Facts of the Case
Petitioner United States brought an action under the QTA to settle a dispute with respondent claimants over the ownership of certain land on an island off the coast of Mississippi. After a discovery period, a settlement was reached and judgment entered thereon. Respondents later discovered evidence that the disputed land had been conveyed to a private party prior to the Louisiana Purchase and, therefore, title could not have passed to the United States. Respondents brought an independent action under Rule 60(b) to reopen the prior judgment, claiming that the information should have been provided in discovery in that action, but the district court dismissed. The appellate court reversed the district court’s dismissal and quieted title to the land in favor of respondents. Petitioner was granted a writ of certiorari to review the judgment of the appellate court. The Supreme Court of the United States reversed the appellate court’s judgment.
Do federal courts lack jurisdiction over action to reopen a settlement quieting land title in the Federal Government either under Rule 60(b) of Federal Rules of Civil Procedure as an independent action or under Quiet Title Act?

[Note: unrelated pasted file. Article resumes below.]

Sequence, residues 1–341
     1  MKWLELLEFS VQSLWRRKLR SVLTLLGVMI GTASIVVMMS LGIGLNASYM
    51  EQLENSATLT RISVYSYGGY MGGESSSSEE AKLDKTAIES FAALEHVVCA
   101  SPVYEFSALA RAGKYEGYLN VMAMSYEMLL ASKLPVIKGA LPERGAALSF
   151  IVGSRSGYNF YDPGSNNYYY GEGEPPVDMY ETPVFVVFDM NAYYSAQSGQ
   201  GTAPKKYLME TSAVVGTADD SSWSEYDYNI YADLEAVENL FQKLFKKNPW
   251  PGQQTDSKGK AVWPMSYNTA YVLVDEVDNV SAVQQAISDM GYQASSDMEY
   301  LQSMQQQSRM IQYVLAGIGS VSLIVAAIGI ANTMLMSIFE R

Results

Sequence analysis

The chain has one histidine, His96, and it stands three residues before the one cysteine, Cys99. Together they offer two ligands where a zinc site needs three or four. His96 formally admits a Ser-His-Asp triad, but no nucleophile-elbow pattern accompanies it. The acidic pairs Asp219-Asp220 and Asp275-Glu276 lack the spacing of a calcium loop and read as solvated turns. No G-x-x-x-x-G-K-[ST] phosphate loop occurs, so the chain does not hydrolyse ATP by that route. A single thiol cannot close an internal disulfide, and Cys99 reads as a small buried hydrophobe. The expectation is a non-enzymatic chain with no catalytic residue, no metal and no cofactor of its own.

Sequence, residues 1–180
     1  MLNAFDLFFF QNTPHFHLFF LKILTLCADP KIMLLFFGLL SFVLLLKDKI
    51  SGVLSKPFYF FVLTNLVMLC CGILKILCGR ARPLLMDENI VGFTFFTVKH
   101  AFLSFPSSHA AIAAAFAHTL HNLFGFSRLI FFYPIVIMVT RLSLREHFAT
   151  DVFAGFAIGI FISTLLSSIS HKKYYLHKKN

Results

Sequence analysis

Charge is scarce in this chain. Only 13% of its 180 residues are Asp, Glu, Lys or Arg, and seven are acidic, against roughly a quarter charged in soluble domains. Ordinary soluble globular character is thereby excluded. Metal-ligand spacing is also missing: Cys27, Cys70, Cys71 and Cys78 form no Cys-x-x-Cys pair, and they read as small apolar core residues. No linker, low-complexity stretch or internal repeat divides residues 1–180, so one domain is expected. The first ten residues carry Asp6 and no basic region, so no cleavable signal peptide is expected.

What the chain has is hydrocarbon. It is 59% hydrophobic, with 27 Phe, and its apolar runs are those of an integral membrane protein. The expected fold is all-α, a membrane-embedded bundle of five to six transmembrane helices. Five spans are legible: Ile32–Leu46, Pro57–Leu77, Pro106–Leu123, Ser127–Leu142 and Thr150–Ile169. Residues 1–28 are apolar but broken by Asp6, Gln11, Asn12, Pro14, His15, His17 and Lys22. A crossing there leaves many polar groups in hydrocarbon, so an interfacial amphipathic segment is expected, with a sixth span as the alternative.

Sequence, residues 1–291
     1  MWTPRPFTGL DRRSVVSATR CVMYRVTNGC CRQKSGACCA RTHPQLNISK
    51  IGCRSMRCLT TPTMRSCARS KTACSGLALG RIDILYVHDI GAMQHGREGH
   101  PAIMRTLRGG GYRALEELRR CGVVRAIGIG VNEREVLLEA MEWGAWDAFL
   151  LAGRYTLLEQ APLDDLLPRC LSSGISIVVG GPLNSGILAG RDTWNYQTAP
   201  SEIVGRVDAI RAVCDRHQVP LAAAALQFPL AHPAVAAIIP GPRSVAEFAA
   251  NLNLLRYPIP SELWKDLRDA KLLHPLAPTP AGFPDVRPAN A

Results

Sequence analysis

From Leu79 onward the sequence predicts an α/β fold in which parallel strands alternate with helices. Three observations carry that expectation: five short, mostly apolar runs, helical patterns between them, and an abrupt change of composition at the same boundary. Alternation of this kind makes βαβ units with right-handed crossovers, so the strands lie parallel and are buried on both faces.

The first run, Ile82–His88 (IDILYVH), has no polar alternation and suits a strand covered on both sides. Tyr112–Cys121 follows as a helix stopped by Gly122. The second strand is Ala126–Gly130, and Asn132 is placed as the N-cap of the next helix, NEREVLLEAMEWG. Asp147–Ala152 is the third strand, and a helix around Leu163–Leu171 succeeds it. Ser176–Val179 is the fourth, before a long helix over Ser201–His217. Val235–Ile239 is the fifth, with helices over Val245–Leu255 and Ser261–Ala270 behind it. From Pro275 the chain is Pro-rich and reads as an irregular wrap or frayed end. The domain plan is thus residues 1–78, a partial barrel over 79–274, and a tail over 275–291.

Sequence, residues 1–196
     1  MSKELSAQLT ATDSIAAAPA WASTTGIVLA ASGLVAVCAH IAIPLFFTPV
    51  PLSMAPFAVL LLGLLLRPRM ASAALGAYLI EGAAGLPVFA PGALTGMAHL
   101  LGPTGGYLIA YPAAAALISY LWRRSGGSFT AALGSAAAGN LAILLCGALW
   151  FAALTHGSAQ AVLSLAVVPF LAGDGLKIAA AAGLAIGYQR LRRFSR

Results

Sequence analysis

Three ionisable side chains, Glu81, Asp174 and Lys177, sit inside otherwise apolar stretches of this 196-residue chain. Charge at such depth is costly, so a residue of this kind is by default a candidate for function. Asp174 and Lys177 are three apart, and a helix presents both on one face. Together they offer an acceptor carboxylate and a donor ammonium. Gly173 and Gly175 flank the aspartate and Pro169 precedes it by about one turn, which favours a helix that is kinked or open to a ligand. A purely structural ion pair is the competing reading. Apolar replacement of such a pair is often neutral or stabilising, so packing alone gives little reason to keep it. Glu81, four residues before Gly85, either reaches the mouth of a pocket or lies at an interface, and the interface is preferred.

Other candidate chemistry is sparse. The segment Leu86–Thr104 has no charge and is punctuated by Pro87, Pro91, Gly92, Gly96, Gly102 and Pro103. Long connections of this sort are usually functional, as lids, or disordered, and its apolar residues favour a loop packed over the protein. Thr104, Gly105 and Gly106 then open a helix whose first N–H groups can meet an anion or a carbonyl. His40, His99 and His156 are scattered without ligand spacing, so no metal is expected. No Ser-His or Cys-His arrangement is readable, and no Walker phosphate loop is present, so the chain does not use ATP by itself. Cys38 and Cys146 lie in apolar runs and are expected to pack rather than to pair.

Yes. In a unanimous opinion delivered by Chief Justice William H. Rehnquist, the Court held that the Court of Appeals erred in concluding that this was a sufficient basis to justify reopening the judgment. [A]n independent action should be available only to prevent a grave miscarriage of justice, wrote Chief Justice Rehnquist, it should be obvious that [the Beggerlys’] allegations do not nearly approach this demanding standard. The Court also concluded that the Court of Appeals extension of the Quiet Title Act’s statutory period by equitable tolling was unwarranted, given its generous nature. Justice John Paul Stevens wrote a concurring opinion.
- Citation: 524 US 38 (1998)
- Argued: Apr 27, 1998
- Decided Jun 8, 1998